A CDL is required to drive any of the following vehicles:

  • Any combination of vehicles with a gross combined weight rating (GCWR) of 26,001 or more pounds, providing the gross vehicle weight rating (GVWR) of the vehicle being towed is in excess of 10,000 pounds.
  • Any single vehicle with a GVWR of 26,001 or more pounds, or any such vehicle towing another not in excess of 10,000 pounds.
  • Any vehicle, regardless of size, designed to transport 16 or more persons, including the driver.
  • Any vehicle required by federal regulations to be placarded while transporting hazardous materials.

Company Sponsored Training:

A Company-Sponsored Training Program is a school that is owned and operated by a trucking company.

The schooling often requires little or no money up front. Instead of paying up-front tuition you will sign an agreement to work for the company for a specified amount of time after graduation, usually around a year, at a slightly lower rate of pay in order to pay for the training.

If you choose to quit working for the company before your year is up, they will normally require you to pay back a prorated amount of money for the schooling. The amount you pay back will be comparable to what you would have paid if you went to an independently owned school.

Company-sponsored training can be an excellent way to get your career underway if you can't afford the tuition up front for private schooling.

OWI:

Operating While Intoxicated

OOS:

When a violation by either a driver or company is confirmed, an out-of-service order removes either the driver or the vehicle from the roadway until the violation is corrected.

Canaan's Comment
member avatar

That answers every question I had regarding private vs company paid training, I really appreciate the answer you provided.

Do we have recommendations on company's that are the better ones for newbies? The most i really care about is the ability to travel to basically everywhere possible, home time isn't THAT important to me, it's really only my mom (who I plan on fully supporting financially) and my only best friend. Its going to suck being away from them for so long, but my best friend has his life planned out with his lady and my mom wants to live in a retrofitted van on the road (runs in the family i guess lol)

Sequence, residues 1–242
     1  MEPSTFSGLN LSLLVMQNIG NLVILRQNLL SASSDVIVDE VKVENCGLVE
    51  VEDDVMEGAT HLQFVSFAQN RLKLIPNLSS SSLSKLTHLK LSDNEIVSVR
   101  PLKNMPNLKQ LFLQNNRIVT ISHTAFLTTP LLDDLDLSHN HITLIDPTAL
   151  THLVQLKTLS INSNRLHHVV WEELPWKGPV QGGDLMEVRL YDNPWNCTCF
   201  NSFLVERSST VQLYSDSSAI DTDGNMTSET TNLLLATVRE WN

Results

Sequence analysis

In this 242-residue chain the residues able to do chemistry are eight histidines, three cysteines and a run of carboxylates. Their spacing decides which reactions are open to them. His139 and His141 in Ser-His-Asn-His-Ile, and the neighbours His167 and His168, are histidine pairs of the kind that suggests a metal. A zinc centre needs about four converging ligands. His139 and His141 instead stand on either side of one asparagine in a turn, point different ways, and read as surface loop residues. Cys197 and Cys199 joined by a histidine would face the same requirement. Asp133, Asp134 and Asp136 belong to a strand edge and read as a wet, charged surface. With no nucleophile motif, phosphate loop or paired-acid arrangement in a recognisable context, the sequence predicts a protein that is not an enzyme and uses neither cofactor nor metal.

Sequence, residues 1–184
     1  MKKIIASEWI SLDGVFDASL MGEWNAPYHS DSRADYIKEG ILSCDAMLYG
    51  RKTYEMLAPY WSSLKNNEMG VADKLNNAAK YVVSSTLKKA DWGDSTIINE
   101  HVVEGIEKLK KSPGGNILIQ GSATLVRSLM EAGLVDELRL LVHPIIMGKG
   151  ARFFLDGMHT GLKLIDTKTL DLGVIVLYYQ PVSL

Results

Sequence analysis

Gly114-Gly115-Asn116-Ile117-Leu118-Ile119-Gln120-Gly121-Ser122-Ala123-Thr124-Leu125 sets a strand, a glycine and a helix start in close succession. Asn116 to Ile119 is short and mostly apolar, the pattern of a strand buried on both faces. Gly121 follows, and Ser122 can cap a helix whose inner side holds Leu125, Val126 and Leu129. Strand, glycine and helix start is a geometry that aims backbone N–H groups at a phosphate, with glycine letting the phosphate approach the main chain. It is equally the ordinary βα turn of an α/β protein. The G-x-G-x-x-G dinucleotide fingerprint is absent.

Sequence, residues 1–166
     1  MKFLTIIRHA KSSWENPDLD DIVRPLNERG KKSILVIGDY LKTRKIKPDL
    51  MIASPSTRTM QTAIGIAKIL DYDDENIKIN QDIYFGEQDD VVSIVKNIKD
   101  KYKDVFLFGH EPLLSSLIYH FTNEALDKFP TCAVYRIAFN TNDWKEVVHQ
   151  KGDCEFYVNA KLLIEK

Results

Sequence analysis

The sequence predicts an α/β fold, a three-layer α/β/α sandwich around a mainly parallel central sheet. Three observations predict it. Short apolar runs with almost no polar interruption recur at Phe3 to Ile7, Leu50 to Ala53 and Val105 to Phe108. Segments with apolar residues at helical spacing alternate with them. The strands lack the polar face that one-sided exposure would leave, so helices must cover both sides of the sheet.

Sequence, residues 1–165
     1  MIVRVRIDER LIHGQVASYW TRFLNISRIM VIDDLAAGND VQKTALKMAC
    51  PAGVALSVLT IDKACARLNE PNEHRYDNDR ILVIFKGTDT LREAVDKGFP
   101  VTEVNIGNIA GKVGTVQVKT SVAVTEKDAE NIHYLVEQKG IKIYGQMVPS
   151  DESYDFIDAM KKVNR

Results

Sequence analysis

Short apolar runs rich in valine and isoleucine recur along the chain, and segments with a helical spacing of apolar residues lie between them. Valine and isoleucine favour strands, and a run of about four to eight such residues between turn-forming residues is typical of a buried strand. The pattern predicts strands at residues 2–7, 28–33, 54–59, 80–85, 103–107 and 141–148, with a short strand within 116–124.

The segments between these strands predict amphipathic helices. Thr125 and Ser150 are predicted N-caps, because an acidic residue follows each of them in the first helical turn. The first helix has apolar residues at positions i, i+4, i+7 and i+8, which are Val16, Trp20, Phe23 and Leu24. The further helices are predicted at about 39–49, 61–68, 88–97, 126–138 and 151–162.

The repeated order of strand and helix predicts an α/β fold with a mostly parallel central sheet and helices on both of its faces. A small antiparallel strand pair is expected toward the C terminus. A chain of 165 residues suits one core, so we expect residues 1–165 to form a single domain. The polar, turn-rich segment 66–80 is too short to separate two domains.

I have looked at a few company's, I read on here that prime is great and swift seems like a great one as well, any others to consider?

Thanks! -Canaan

Delco Dave's Comment
member avatar

Hey Canaan!!! I’ve looked at a lot of them. Pretty much all the major carriers have training programs, starting pay rates and benefit packages are very similar and all run coast to coast. All the veterans here have stated many times that the name on the door has nothing to do with your success, you control your destiny by being safe, reliable and on time/early. You need to decide weather you want to run Dry van/Reefer or Flatbed, by doing that it may narrow your options a little bit due to some companies like TMC are flatbed only. Also, some companies dont hire from certain areas of the country so where you live may limit your options as well. The link below will give you the basic info on the major carriers.

Trucking Company Reviews

Dry Van:

A trailer or truck that that requires no special attention, such as refrigeration, that hauls regular palletted, boxed, or floor-loaded freight. The most common type of trailer in trucking.

Reefer:

A refrigerated trailer.

Anne A. (G13Momcat)'s Comment
member avatar

That answers every question I had regarding private vs company paid training, I really appreciate the answer you provided.

Do we have recommendations on company's that are the better ones for newbies? The most i really care about is the ability to travel to basically everywhere possible, home time isn't THAT important to me, it's really only my mom (who I plan on fully supporting financially) and my only best friend. Its going to suck being away from them for so long, but my best friend has his life planned out with his lady and my mom wants to live in a retrofitted van on the road (runs in the family i guess lol)